Skip to main content


Front. Microbiol., 26 April 2018
Sec. Virology
This article is part of the Research Topic Arbovirus Interactions and Human Disease View all 7 articles

Culex quinquefasciatus (Diptera: Culicidae) From Florida Transmitted Zika Virus

  • 1Florida Medical Entomology Laboratory, Department of Entomology and Nematology, IFAS, University of Florida, Gainesville, FL, United States
  • 2Infectious Diseases & Immunology, College of Veterinary Medicine, University of Florida, Gainesville, FL, United States

We report a laboratory colony of Culex quinquefasciatus mosquitoes were experimentally able to salivate Zika virus (ZIKV, Flaviviridae; Flavivirus) at 16 days post infection (dpi). ZIKV RNA was detected in bodies and in saliva deposited on filter paper cards with subsequent studies demonstrating the presence of live ZIKV in saliva.


ZIKV is a single stranded RNA mosquito-borne arbovirus that can cycle between mosquitoes and humans in an urban environment. It is mainly transmitted to humans by Aedes aegypti (Duffy et al., 2009; Chouin-Carneiro et al., 2016; Ferreira-de-Brito et al., 2016; Guerbois et al., 2016). A Zika outbreak rapidly spread through the Americas including the southern United States in 2016 transmitted primarily by Ae. aegypti populations (Chouin-Carneiro et al., 2016). Field collected Cx. quinquefasciatus from Brazil were found infected with genome fragments of ZIKV and field collections from Mexico were found infected with live ZIKV (Guedes et al., 2017; Elizondo-Quiroga et al., 2018). However, results from many laboratory studies on the competence of Culex species for ZIKV are mixed (Amraoui et al., 2016; Boccolini et al., 2016; Guo et al., 2016; Huang et al., 2016; Kenney et al., 2017) leading to the conclusion that Culex are unlikely to play a role in ZIKV transmission (Roundy et al., 2017). Support for assessing Culex competence for ZIKV was provided by a recent modeling study that suggested 35 species of mosquitoes may be able to transmit ZIKV, including Cx. quinquefasciatus and Cx. pipiens from the United States (Evans et al., 2017). Knowledge about the competence for ZIKV in populations of Cx. quinquefasciatus is needed to assess risk and prevent ZIKV transmission in regions where this species is found.

Geographic variation in mosquito competence for arboviruses is well established (Tabachnick, 2013). Here we studied a Gainesville, Florida population of Cx. quinquefasciatus, shown to be highly competent for West Nile virus (WNV, Flaviviridae; Flavivirus) compared to a population collected in Vero Beach, Florida (Shin et al., 2014).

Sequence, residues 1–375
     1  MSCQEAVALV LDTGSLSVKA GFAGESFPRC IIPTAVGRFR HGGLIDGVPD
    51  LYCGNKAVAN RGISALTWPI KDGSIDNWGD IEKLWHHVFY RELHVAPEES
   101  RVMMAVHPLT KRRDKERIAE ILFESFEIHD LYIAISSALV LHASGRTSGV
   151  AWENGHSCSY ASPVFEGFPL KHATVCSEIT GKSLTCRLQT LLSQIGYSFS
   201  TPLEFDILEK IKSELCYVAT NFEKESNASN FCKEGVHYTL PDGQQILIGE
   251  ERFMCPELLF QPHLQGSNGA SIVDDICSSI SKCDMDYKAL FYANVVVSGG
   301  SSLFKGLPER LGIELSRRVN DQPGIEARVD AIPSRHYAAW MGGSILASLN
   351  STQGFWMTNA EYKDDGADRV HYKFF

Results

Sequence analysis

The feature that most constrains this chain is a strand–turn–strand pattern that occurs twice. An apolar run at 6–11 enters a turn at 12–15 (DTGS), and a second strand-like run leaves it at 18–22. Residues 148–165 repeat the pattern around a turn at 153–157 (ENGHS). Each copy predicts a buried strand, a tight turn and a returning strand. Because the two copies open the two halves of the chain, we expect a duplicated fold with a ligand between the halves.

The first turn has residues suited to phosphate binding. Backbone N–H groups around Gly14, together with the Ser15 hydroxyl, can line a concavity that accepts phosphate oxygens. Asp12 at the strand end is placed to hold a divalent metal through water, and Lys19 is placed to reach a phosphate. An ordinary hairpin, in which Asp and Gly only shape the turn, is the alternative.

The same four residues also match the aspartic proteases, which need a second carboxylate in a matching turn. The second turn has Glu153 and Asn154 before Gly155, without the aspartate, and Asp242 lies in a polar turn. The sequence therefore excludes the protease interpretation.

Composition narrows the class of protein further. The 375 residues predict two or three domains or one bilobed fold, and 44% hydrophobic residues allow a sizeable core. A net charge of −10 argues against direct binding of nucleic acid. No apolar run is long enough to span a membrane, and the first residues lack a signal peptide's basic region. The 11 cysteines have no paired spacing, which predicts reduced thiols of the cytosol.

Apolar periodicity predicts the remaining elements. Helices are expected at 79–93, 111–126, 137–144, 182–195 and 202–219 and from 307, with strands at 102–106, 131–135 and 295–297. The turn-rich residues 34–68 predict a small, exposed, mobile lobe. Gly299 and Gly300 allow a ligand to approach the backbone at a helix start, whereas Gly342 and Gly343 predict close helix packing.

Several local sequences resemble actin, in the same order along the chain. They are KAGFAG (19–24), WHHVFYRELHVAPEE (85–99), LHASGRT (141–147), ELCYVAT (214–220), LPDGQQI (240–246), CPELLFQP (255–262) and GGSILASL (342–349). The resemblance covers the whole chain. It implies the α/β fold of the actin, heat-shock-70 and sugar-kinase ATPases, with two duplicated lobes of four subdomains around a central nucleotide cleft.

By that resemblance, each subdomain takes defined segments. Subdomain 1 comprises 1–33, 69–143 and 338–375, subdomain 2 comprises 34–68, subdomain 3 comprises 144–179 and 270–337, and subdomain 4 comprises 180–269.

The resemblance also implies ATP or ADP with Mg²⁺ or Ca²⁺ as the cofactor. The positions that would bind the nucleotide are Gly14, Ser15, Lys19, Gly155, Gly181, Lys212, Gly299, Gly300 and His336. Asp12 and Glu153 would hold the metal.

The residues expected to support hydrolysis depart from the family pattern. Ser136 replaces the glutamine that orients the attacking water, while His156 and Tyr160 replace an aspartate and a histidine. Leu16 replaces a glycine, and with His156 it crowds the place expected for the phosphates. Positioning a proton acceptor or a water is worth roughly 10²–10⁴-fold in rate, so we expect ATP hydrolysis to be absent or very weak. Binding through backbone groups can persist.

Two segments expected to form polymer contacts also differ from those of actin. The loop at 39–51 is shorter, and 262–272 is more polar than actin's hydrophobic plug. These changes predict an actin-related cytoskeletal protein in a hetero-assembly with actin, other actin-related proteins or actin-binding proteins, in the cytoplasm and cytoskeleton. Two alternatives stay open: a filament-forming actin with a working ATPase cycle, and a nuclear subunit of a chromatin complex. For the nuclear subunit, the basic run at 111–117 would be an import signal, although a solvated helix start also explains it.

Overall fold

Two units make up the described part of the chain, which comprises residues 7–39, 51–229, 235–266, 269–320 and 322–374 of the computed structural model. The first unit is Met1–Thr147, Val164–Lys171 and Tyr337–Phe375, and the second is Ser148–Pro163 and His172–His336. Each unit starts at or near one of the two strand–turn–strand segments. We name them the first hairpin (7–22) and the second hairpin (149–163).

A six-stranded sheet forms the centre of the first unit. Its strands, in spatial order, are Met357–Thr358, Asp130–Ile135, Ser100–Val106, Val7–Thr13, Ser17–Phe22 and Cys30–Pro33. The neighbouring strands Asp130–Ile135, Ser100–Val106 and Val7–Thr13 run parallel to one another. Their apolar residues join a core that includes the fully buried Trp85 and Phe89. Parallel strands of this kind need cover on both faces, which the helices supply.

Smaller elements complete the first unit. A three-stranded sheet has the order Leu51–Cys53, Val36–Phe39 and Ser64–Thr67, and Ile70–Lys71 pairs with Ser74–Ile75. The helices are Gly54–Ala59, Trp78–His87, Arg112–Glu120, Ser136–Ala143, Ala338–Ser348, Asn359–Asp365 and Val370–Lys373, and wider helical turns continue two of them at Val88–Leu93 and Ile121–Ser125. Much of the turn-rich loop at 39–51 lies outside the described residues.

Materials and Methods

A laboratory colony of Cx. quinquefasciatus collected in 1995 (generation ≥ 100) were infected with a ZIKV strain (Asian lineage, Gen Bank KU501215.1) from Puerto Rico (collected December 2015, human serum; Lanciotti et al., 2016). Viral stocks were propagated in culture using African green monkey (Vero) cells following standard procedures and established methods (Faye et al., 2013). Four-day old female mosquitoes were exposed for 1 h at 28°C to freshly harvested ZIKV mixed with chicken blood in Alsevers (Hemostat, Dixon, CA; diluted 1:1) and 1% ATP (100 mM) on soaked cotton pledgets warmed to 35°C for 10 min. Following feeding, fully engorged females were transferred to screened cages and held at 28°C and 75% humidity. Mosquitoes were provided 20% sugar solution for the duration of the experiment. A sample of the blood meal and three freshly fed fully engorged mosquitoes were stored at −80°C to later characterize the titer of the imbibed blood. At 14 dpi, 32 live ZIKV exposed mosquitoes were placed in three different cages and allowed to feed on a mixture of Manuka honey, blue food dye and 1% ATP (100 mM) that was coated on Whatman filter paper cards (FP, 3 cards /cage) that were placed on the mesh at the top of the cage to collect mosquito saliva to assess transmission of ZIKV. At 16 dpi, 32 mosquito bodies (without legs) and the filter paper cards were stored individually in 1.5 ml tubes and immediately placed at −80°C for later determination of the infection rate in the mosquitoes and their ability to transmit ZIKV to the filter papers. This experiment was repeated except 34 blood engorged mosquitoes were held in screened cages and provided filter paper cards coated with honey from 14 to 16 dpi and plaque assay used to detect ZIKV on filter paper cards.